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#76 2017-02-22 09:40:33

GW Johnson
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From: McGregor, Texas USA
Registered: 2011-12-04
Posts: 3,768
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Re: New Red Dragon Mission?

Attitude control by chute?  I don't think so,  Elderflower.  No ribbon chute drogue has ever been successfully deployed above Mach 2,  and the ringsail chutes JPL has been using have never successfully deployed above Mach 2.5. 

While the bantamweight probes have reached speeds that low at 15-25+ km altitudes where's there's time to deploy a chute and get a little deceleration from it,  the big objects > ~ 1 ton will strike the surface before reaching speeds slow enough to deploy a chute.  They come out of hypersonics at Mach 3 at altitudes down near 5 km altitude. 

Attitude control has been by thrusters all during aerobraking,  why change what's already working?  Especially with something on the order of 10 sec to impact if you don't fire up landing rockets. 

GW

Last edited by GW Johnson (2017-02-22 09:42:43)


GW Johnson
McGregor,  Texas

"There is nothing as expensive as a dead crew,  especially one dead from a bad management decision"

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#77 2017-02-22 11:27:50

elderflower
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Registered: 2016-06-19
Posts: 1,169

Re: New Red Dragon Mission?

Just a thought. That's how the Germans sometimes used to recover from a spin in their Starfighters.

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#78 2017-02-22 11:44:18

rdierking
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From: Temecula, CA
Registered: 2017-02-03
Posts: 14

Re: New Red Dragon Mission?

OK, I see what you mean with the positive attributes of the Dragon design and also the necessary landing scenario for large vehicles.  But, would a landing from Mars orbit with power descent require such a substantial heat shield?   Would a trade off between the energy and complexity of Mars orbit first vs. the difficulty of direct re-entry be worth it?  And, of course how about getting back; direct to Earth vs. rendezvous in Mars orbit before the burn to Earth.

Again, doing some looking around on the forum, Mars Sample Return (MSR) is mentioned many times in many topics.  It doesn't surprise me.  MSR would be very important for science, testing and proving technology, and can't forget the psychology.  After all, it's difficult to talk about sending humans when not one gram has ever been returned.  Yeah, I know, there's the one-way trips.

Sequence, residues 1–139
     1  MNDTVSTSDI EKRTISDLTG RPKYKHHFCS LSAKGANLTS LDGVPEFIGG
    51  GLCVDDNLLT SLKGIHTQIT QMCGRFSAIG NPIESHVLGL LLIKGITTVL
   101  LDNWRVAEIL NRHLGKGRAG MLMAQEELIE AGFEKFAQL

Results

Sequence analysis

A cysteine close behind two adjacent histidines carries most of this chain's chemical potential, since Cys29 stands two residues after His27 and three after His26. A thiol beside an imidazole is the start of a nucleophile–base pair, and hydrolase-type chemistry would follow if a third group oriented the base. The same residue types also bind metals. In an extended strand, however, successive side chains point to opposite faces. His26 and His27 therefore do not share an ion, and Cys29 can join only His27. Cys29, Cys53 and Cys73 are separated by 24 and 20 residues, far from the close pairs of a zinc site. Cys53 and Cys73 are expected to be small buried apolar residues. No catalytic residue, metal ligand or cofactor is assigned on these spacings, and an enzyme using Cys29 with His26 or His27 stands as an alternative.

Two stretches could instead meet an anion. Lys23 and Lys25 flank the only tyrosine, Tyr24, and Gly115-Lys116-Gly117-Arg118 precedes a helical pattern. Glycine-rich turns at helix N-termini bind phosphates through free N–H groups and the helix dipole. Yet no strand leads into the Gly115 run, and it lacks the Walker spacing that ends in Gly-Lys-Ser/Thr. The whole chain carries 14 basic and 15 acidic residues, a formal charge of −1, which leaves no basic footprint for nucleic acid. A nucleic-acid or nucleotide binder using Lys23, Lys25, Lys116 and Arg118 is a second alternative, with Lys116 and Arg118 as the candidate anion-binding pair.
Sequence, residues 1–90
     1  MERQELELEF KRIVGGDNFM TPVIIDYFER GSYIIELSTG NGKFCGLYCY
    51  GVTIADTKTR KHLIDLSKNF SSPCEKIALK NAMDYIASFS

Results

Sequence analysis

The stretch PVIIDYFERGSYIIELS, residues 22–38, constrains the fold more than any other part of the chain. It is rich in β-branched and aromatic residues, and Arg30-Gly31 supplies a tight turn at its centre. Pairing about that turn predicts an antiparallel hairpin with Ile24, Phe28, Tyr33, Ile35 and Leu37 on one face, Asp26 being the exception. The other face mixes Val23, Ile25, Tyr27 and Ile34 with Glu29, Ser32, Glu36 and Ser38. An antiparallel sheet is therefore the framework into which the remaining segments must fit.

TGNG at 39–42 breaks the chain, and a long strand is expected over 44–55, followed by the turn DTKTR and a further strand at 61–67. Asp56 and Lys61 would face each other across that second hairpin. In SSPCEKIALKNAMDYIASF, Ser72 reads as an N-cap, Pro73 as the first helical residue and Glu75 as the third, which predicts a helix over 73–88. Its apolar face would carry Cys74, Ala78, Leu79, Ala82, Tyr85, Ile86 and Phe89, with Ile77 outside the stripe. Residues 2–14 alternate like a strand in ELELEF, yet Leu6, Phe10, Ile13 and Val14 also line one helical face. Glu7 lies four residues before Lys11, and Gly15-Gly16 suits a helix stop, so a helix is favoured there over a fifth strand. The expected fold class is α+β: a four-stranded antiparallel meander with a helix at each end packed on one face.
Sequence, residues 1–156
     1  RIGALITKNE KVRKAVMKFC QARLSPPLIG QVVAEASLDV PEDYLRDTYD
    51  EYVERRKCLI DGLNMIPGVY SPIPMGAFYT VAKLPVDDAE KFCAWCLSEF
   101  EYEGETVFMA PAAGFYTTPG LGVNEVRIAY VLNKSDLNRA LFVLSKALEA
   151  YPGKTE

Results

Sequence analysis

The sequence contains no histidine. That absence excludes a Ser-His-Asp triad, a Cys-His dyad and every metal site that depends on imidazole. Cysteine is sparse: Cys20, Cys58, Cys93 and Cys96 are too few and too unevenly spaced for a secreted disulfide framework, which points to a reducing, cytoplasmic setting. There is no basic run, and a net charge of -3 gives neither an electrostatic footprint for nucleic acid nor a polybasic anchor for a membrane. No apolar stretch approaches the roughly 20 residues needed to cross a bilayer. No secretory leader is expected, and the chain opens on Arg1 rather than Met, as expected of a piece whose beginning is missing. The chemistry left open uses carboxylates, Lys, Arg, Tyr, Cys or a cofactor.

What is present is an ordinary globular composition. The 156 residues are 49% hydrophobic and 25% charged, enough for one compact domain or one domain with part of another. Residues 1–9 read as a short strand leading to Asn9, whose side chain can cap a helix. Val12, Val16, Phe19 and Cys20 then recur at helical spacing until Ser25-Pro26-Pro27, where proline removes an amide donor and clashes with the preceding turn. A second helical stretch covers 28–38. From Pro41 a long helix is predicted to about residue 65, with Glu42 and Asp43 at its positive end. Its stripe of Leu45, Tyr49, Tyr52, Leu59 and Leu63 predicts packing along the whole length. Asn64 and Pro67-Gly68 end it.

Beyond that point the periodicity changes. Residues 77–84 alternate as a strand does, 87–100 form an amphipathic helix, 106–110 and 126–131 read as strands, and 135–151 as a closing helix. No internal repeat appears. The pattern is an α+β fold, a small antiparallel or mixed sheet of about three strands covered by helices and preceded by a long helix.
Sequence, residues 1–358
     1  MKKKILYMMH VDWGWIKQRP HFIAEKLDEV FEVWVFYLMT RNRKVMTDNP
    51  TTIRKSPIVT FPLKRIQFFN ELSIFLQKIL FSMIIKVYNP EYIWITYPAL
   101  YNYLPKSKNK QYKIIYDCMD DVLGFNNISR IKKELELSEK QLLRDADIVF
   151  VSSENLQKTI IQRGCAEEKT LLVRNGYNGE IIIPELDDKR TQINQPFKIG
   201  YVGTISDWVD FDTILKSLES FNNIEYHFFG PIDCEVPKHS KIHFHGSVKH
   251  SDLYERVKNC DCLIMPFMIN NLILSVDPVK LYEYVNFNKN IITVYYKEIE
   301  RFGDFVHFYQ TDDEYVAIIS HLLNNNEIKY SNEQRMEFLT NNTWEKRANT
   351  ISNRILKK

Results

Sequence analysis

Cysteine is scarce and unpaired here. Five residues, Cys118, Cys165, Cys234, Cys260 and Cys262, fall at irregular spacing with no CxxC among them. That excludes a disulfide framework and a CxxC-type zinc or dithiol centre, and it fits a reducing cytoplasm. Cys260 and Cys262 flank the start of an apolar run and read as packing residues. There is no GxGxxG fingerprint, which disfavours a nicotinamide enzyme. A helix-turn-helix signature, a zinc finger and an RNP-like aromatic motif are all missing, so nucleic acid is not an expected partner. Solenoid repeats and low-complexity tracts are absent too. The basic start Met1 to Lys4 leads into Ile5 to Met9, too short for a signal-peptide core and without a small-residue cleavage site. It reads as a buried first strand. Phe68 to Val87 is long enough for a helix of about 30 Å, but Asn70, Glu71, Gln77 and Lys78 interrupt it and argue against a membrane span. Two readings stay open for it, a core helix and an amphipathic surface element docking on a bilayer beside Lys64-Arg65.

I would like to start a new topic with just the subject Mars Sample Return Mission and just leave it open.  NASA mission, SpaceX mission, In-Situ propellant production, whatever.  It would be cool to see some summaries of previous suggestions and maybe some new ones.  This would be an excellent subject for the Mars Society Annual Conference this year too.

But, before that, I would like your take on the use of propellants like LOX and RP-1 (LH2, Cryo Methane too) and their engines for Mars landing?  Do you think these propellants and engines could be used for a long duration flight?  Also, what would you think about using the same vehicles and collection methods proposed for MSR for Lunar Sample Return first?  There are some really interesting possibilities for Lunar samples that where not collected during Apollo.

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#79 2017-02-22 12:16:12

Oldfart1939
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Registered: 2016-11-26
Posts: 1,800

Re: New Red Dragon Mission?

Although I'm not the expert that GW Johnson is on this, my extensive chemistry background comes into play on the topic regarding fuel combinations: RP-1 is difficult to use on long missions due to the deep space environment of extreme low temperature. RP-1 undergoes a viscosity increase below -7 Celsius, that makes it unusable. LH2 has it's own issues of being super cryogenic, low density requiring larger tanks, and lots of insulation. LCH4 is fairly compatible with the requirements for Mars landings, as are Monomethyl Hydrazine and Nitrogen Tetroxide ( MMH and NTO). They are not "problem liquids" but DO exhibit extreme toxicity. This couple has adequate Isp and exhaust velocity for deep space missions, as well.